Outside of men’s basketball, participation in postseason NCAA competition is not rewarded with monetary compensation. Not even for the College World Series, where hundreds of thousands of fans pack the stands over the course of the series and the games air on national television.
This year, the College World Series drew an average of 21,734 fans per game, just edging out the 20,533 per session for the Division I Men’s Basketball Championship. Total attendance for the College World Series this year was 347,740. However, the television contract pales in comparison: the CWS is part of a $500 million television contract signed with ESPN in 2011 for 24 sports championships through 2023-2024, while the men’s basketball tournament averages $771 million annually.
According to a presentation I attended by NCAA CFO Kathleen McNeely at the CABMA convention in 2013, the NCAA banked approximately $9 million from the baseball tournament the previous year, which amounted to 12 percent of all NCAA championship revenue.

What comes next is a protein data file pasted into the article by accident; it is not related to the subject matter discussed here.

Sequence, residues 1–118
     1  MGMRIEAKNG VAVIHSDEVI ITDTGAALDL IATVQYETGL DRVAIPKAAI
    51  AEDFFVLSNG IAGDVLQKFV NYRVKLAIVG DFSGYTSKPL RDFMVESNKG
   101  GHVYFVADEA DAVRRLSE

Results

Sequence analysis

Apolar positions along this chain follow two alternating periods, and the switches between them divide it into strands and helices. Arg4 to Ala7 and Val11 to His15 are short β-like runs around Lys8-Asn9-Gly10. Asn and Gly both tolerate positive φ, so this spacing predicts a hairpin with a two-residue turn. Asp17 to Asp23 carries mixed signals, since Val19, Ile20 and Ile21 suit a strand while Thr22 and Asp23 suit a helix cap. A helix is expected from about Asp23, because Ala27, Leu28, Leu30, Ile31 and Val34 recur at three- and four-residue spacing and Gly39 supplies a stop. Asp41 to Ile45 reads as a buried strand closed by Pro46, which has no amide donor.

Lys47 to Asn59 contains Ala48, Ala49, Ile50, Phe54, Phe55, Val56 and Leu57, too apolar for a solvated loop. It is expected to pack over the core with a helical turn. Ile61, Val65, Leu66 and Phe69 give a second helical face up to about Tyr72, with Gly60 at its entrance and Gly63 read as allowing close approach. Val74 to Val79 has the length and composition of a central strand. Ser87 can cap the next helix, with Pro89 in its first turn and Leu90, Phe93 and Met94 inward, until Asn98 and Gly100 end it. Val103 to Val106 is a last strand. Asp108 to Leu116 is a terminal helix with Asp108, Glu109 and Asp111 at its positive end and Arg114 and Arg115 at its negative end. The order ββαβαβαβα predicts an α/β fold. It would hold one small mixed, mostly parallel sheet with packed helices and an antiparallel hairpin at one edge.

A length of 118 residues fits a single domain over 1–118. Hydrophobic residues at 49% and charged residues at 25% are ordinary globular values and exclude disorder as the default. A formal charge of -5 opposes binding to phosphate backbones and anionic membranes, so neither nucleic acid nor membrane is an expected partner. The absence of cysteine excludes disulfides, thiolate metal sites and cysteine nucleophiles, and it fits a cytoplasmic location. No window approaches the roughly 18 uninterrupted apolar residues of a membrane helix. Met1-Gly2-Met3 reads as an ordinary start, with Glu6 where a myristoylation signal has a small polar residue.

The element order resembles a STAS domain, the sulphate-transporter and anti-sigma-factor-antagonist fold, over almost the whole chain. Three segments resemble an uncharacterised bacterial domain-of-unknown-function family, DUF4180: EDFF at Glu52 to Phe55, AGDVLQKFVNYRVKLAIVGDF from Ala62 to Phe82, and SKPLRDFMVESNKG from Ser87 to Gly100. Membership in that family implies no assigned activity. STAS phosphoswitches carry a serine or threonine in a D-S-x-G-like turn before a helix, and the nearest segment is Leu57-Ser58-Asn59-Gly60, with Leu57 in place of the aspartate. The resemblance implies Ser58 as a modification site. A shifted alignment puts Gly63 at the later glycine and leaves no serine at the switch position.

Before you think the NCAA is unfairly depriving baseball teams of the revenue generated by postseason tournaments, keep this in mind: McNeely also shared that only seven sports bring in revenue for the NCAA from championships. By my count, the NCAA hosts championships for 92 sports across Division I, II and III. McNeely’s presentation pegged the annual cost of championships at $74 million for programming costs, which does not include the cost to staff those championships.
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